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You are here : eLibrary : IAHR World Congress Proceedings : 36th Congress - The Hague (2015) ALL CONTENT : Water engineering : Flow characteristics of meandering streams at various sinuosities
Flow characteristics of meandering streams at various sinuosities
Natural streams show various levels of sinuosity depending on the flow regime, sediment particles, and geometry of the
adjacent area. In the past, to investigate the flow characteristics of the meandering stream, a lot of laboratory experiments
have been carried out. However, most previous experiments were done with an indoor small-scale channel in the
laboratory (Kashyap et al., 2012; Blanckaert, 2010, 2011; Jamieson et al., 2010). Furthermore, laboratory experiments
used simple cross sections such as a rectangular channel (Abad and Garcia, 2009a, 2009b; Blanckaert, 2009; da Silva et
al., 2006; Tominaga et al., 1989). Thus, in order to understand better the flow characteristics of the curved stream, largescale
experiments are needed with a realistic bathymetry.
This study presents experimental investigations of meandering streams at various values of sinuosity. Experiments were
performed in an outdoor real-scale meandering stream in River Experiment Center in Korea Institute of Civil Engineering
and Building Technology (KICT). The outdoor stream has cross sections of natural bathymetry at three values of sinuosity,
namely 1.2, 1.5, and 1.7, and the top width is about 11 m. The total length of the curved stream is 680 m, and three
different curved streams at a constant sinuosity are connected by about 30 m long transitions. The average slope of the
stream is 1/800. Size of sediment particles at the stream bed ranges between 0.25 ĘC 0.5 mm. The boat-mounted Acoustic
Doppler Current Profiler (ADCP) was used to measure the velocity components at 80 cross sections in the meandering
stream. Using the measured data, the impact of sinuosity on the flow was investigated in the meandering stream.
Figure 1 shows the locations of the centerline, half-discharge line, and maximum velocity line along the streamwise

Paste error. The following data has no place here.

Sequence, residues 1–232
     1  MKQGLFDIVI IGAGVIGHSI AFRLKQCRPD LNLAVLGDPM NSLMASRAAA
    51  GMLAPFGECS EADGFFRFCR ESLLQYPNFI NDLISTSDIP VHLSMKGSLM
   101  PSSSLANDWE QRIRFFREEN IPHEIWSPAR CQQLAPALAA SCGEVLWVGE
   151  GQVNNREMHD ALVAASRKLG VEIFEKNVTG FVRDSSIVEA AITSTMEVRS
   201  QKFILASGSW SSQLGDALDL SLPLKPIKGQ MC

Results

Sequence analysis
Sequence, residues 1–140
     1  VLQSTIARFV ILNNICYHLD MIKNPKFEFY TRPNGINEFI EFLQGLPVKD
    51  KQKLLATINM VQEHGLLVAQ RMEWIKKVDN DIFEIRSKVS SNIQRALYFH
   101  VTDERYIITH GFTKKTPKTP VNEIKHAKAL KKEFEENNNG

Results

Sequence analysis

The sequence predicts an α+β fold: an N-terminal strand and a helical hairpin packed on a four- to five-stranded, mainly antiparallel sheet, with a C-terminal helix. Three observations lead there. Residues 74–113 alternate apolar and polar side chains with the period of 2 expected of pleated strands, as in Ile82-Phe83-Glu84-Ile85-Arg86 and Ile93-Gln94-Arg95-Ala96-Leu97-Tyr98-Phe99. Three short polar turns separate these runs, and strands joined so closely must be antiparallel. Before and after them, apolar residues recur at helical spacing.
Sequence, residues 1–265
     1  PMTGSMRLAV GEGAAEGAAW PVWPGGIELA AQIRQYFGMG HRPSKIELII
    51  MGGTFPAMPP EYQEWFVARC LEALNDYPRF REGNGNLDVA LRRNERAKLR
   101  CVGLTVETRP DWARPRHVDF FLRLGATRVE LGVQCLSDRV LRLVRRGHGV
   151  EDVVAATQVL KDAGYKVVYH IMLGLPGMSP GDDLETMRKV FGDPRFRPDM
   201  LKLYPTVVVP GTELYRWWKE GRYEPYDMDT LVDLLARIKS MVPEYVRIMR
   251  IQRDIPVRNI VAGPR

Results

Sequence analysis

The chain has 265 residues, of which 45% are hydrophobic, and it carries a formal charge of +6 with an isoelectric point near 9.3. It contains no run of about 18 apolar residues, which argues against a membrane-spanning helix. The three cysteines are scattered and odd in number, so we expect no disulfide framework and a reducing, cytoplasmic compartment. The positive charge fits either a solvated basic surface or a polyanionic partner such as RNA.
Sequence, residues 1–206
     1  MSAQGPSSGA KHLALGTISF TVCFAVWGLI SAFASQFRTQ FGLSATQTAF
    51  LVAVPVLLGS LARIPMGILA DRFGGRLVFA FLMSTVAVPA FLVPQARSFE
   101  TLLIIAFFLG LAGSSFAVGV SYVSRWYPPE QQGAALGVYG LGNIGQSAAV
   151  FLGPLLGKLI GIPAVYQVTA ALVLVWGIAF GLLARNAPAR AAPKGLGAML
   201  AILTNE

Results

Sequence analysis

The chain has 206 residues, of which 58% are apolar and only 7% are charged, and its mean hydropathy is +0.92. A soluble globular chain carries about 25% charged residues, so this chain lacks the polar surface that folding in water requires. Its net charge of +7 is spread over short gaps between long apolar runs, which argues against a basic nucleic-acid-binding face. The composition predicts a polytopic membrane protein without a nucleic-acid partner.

direction. Here, the centerline and half-discharge lines are defined by the lines that halve the flow area and total discharge,
respectively. In the figure, the vertical axis is the lateral distance from the side normalized by the width. The relative
gradient of the lines in the streamwise direction determines the accelerating or decelerating zone (da Silva et al., 2006).
That is, the flow is accelerating if the gradient of the half-discharge line (red line) is larger than that of the centerline (blue
line), and the flow is decelerating under the opposite condition. At the origin of the figure, the flow is accelerating and
decelerating at the outer and inner parts, respectively, and the flow undergoes the transition at about s = 68 m. It can be
seen that the maximum velocity line is located most closely to the side where the flow transition is made.
The maximum velocity lines for two sinuosities are shown in Figure 2. The location of the maximum velocity that is most
close to the side is referred to as the location of the near-side maximum velocity. It can be seen that the location of the
near-side maximum velocity changes with sinuosity, which is clearly related to the change of the location of the flow
transition. In the figure, the location of the flow transition changes from the crossover to the apex as the sinuosity changes
from 1.2 to 1.5. This indicates that the location of the near-side maximum velocity moves in the upstream direction with
increasing sinuosity.
File Size : 216,782 bytes
File Type : Adobe Acrobat Document
Chapter : IAHR World Congress Proceedings
Category : 36th Congress - The Hague (2015) ALL CONTENT
Article : Water engineering
Date Published : 17/08/2015
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